scope, being used as terrorist financing vehicles, places to 
clandestinely store and transmit funds.
    Terrorism-related convictions in the United Kingdom of 
Tariq ad Daour and two associates who used Internet gambling to 
facilitate terrorism conduct and planning a few years ago only 
hint at the dozens of classified and non-classified 
investigations that U.S., U.K., and Canadian authorities have 
made under the exploitation of gambling websites to finance 
    More recently, terrorists in Afghanistan have been using 
illegal gambling sites to move their money as well, reports 
Janes Advisory Services. It is no wonder that the Federal 
Criminal Investigators Association supports legislation to 
return the Wire Act to its original scope and opposes any 
carve-out that would weaken its protections and further enable 
criminal and terrorist activity. Without a restored Wire Act, 
there is not adequate legal framework for law enforcement to 
shut down substantial illegal interstate gambling activities.
    Relatedly, the present inability to use the Wire Act in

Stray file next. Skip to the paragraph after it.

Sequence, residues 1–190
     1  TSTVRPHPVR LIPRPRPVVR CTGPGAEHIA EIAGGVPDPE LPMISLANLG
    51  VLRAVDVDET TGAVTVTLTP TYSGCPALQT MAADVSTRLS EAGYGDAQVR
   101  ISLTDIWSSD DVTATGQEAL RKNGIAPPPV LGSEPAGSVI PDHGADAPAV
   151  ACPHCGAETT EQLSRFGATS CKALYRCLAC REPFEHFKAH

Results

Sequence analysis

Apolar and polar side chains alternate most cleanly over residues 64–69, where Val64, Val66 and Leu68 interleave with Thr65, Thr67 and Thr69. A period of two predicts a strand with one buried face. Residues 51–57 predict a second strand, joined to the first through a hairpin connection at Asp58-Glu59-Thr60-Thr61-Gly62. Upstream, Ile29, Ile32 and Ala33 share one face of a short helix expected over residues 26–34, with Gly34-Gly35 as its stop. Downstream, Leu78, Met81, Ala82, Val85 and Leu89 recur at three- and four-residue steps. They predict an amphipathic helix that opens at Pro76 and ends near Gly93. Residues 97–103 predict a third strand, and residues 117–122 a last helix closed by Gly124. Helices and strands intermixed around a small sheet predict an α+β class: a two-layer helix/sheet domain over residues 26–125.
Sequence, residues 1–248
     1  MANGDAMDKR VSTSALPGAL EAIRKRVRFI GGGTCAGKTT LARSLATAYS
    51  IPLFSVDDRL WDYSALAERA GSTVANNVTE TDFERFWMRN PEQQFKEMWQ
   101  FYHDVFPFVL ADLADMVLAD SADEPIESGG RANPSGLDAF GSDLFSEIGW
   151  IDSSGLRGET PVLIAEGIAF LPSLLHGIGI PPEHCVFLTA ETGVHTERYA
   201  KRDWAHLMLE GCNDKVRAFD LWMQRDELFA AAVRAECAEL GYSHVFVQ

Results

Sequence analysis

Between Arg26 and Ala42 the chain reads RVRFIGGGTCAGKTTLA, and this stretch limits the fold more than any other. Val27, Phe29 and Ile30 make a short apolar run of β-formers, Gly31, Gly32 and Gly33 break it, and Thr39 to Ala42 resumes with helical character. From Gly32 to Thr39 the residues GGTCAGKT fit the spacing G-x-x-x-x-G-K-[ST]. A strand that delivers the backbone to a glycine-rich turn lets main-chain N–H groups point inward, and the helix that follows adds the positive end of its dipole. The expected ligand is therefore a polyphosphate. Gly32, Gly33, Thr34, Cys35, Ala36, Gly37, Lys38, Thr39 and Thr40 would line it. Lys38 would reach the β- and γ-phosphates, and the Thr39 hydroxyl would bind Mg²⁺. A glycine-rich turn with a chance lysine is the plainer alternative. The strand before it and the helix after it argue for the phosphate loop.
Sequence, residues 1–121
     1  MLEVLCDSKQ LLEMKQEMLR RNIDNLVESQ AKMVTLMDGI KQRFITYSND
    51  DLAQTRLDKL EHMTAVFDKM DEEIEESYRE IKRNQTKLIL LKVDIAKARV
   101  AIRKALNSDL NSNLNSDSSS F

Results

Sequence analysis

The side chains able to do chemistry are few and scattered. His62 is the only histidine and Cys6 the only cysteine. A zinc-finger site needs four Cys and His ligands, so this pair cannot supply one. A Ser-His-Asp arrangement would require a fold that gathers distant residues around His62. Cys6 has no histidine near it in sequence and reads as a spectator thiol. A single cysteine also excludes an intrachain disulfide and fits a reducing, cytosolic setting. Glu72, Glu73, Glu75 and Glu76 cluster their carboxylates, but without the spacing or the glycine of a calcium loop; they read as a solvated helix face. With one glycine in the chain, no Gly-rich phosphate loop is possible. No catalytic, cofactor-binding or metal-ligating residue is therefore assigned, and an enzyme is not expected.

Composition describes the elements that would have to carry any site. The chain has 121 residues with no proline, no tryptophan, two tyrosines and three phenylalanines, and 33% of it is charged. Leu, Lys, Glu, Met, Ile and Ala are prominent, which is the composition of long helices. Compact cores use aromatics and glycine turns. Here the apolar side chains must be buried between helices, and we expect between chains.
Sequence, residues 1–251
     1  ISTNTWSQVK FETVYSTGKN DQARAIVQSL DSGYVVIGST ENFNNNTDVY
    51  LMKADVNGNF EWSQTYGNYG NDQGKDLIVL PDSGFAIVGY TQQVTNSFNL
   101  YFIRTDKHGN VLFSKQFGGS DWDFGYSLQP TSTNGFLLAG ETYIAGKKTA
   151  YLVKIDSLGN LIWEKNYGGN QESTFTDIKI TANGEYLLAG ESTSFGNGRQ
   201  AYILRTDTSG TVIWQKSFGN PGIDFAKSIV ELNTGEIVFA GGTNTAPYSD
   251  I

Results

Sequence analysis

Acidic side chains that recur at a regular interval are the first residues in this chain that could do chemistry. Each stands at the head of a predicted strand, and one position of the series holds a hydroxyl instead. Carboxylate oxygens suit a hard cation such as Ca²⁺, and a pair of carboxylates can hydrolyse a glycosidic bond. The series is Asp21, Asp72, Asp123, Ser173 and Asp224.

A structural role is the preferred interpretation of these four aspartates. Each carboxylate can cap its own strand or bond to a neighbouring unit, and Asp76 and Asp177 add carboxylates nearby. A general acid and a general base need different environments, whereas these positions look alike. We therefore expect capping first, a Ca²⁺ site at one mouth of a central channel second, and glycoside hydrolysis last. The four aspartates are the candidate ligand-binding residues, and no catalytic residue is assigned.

cases of non-sports gambling further denies millions of 
Americans the efficient recourse of sentencing-based 
restitution when they become victims of fraud or other 
gambling-based criminal conduct conducted by illegal cross-
border enterprises.
    Those who dream that it's possible to regulate and tax this 
supposedly well-monitored interstate system of online gambling 
are just that, dreamers. I can tell you with the certainty of a 
person who has been there, done that, that there is no way the 
Federal Government or any individual or combination of state 
governments can expand to the degree necessary to effectively 
police and regulate the scale of Internet gambling, multiple 
millions of transactions involving billions of lines of code in 
malleable, disguisable formats with anonymizing and proxy tools 
readily available with easily disguised traditional and 
evolving collusive behaviors. For example, Meerkat-type video 
streaming over Twitter service will always give collusion teams 
a leg up.
    Remote access and control of computers in a jurisdiction 
where intrastate gambling is allowed will defeat geolocation 
and geo-fencing, and it is fairly trivial to leverage the Tor 
network to obfuscate the original IP address of a client, 
whether it is a laptop, a phone, a tablet, et cetera.
    All this means no police force or regulatory body will be 
big enough, trained enough, or funded enough to keep criminals 
and terrorists from using institutionalized online interstate 
gambling to their advantage.
    I see my time has run out.